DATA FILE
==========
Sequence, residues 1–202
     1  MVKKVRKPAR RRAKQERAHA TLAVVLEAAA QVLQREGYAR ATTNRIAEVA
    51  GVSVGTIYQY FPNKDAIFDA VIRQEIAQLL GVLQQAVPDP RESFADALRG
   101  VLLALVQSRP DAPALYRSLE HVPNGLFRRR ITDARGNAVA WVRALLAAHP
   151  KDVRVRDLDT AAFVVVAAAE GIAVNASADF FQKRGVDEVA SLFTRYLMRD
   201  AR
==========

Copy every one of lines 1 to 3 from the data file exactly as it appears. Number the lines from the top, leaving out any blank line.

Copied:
Sequence, residues 1–202
     1  MVKKVRKPAR RRAKQERAHA TLAVVLEAAA QVLQREGYAR ATTNRIAEVA
    51  GVSVGTIYQY FPNKDAIFDA VIRQEIAQLL GVLQQAVPDP RESFADALRG